Android 13 needs to steal a few of Apple’s features to show off at Google IO 2022

As we head into Google IO 2022, Android 13 has seen a public beta, and it includes hints at Google’s own take on Handoff, a feature that first appeared on Apple devices.

Handoff lets you continue using the same app when switching between different Apple devices. It can be Safari, a music track, or a podcast, as long as you’re signed in with the same Apple ID account. But Continuity lets you continue using a feature on another Apple device, like taking a photo and viewing it on your Mac.

While Google lets you sync your bookmarks and purchases when you sign into Android or ChromeOS, the same can’t be said when you’re browsing a webpage, or halfway through listening to a Spice Girls track or looking at The Batman again.

There are hints of it already being called Tap to Transfer in the Android 13 public beta, but there’s no confirmation from Google yet. With that in mind, that’s why Handoff is set to be one of the flagship features of Android 13, with the possibility of expansion to other Google devices.

Pass your hand, pass your hand

Continuity in macOS

(Image credit: Apple)

I’ve been an Apple user since I bought a third generation iPod in 2004. I replaced my PC with an early Intel iMac model and imported the first iPhone in 2007.

Throughout this, I’ve always appreciated the features that let me manage my content across devices, without having to go through the old-school method of emailing it to me.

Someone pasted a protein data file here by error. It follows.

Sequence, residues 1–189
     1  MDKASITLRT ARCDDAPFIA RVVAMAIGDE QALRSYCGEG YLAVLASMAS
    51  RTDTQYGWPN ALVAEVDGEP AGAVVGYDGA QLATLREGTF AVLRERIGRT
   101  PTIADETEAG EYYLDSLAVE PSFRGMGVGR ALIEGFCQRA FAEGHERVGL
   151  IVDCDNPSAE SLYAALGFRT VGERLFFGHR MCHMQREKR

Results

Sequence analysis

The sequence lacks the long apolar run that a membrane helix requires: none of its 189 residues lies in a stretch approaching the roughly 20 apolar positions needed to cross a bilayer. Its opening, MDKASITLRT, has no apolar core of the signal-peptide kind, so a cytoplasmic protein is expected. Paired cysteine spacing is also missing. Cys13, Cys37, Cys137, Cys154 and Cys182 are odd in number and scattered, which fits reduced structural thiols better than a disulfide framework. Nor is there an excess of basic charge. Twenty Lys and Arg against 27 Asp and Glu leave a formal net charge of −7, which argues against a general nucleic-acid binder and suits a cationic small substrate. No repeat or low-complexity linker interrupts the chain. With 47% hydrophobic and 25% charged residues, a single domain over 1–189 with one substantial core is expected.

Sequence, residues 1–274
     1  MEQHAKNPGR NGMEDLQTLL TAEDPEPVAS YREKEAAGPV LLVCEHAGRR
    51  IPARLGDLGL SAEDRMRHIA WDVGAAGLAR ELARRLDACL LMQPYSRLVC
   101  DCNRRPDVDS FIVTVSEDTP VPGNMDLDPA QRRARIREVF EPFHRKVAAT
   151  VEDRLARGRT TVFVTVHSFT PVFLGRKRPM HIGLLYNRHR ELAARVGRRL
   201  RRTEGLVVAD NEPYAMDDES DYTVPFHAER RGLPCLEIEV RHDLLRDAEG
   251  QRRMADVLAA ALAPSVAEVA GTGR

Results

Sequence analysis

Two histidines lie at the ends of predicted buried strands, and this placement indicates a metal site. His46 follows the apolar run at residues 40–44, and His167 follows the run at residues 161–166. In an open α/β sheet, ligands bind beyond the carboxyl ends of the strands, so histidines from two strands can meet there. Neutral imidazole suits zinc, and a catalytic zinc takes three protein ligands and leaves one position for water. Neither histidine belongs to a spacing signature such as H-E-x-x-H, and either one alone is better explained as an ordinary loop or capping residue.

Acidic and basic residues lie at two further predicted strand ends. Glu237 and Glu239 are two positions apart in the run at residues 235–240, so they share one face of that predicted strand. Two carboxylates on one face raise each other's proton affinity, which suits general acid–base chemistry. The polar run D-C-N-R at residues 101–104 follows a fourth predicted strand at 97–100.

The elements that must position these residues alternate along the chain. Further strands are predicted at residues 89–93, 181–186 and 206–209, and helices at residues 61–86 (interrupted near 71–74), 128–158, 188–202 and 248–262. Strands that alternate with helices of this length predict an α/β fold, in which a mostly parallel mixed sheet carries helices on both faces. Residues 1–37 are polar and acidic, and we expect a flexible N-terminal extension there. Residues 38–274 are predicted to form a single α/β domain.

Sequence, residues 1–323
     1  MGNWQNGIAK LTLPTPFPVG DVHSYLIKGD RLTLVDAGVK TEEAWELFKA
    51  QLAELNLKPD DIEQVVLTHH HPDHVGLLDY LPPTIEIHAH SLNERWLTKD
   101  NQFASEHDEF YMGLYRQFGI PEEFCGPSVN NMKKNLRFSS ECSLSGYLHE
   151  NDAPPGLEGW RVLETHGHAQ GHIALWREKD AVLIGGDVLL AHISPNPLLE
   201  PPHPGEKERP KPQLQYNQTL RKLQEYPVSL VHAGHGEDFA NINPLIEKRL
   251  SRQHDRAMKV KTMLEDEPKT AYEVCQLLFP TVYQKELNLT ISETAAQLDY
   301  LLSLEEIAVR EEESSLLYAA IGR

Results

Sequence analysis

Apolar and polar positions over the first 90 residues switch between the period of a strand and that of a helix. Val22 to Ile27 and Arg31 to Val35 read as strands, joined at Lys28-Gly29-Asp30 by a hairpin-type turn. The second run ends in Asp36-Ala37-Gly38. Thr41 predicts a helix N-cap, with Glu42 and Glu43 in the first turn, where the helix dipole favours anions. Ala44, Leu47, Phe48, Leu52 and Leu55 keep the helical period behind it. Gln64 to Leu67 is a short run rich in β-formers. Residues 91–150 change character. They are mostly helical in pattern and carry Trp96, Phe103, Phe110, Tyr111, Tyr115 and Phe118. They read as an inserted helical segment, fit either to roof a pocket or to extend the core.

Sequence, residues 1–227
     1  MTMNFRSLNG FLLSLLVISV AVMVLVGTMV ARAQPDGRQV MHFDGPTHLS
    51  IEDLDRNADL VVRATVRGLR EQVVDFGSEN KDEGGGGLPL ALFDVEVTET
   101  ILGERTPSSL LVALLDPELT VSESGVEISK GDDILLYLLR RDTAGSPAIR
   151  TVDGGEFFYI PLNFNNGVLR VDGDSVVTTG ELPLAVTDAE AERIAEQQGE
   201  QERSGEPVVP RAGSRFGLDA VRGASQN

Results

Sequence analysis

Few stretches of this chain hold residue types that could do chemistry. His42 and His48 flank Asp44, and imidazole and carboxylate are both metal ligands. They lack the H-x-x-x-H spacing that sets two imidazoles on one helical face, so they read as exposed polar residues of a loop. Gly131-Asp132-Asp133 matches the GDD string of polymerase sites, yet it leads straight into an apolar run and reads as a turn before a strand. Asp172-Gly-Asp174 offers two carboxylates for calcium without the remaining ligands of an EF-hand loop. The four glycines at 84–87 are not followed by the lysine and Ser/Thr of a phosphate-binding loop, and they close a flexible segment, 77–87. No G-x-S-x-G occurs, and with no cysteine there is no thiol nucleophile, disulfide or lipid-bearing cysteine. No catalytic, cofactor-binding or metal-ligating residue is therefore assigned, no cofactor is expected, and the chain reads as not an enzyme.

Along with Continuity and Hand Off, these features allow me to transfer my workflow from my iPhone 13 Pro to my 14-inch MacBook Pro without issue.

But there are users who only own Google devices – whether it’s owning both a Pixelbook and a Pixel 6, or a Google Nest and a Fitbit. But managing and sending your data and content between these devices isn’t currently as easy as Apple’s method, and in 2022, that’s no good.

Android 13 looks set to include a feature that alleviates some of these issues, tentatively called “TTT” or Tap to Transfer.

Since an initial release in January, you can send media you watch or listen to on an Android 13 device to a device that might be nearby.

But it should be much more. Being able to transfer your music from your Pixel 6 to a Chrome web browser should be easier, in addition to being able to continue listening to a track in Google Play Music that’s on your OnePlus 10 Pro, on a Pixelbook.

It’s time for Google to realize that usability of devices matters. While its recent efforts with Material You, the redesigned themes for Android have been warmly received, there’s still work to be done.

As more products appear (and more are apparently on the way, one of which is rumored to be the Pixel Watch), seeing more cohesion between the devices will be more important than never. Having more control over your content on the devices you own will be appealing to many, and it looks like Android 13 is the first sign that Google is aware of it.

The question now is whether the same functionality will not only appear on the rest of its product line, but whether the functionality is better than what Apple has taken in recent years.

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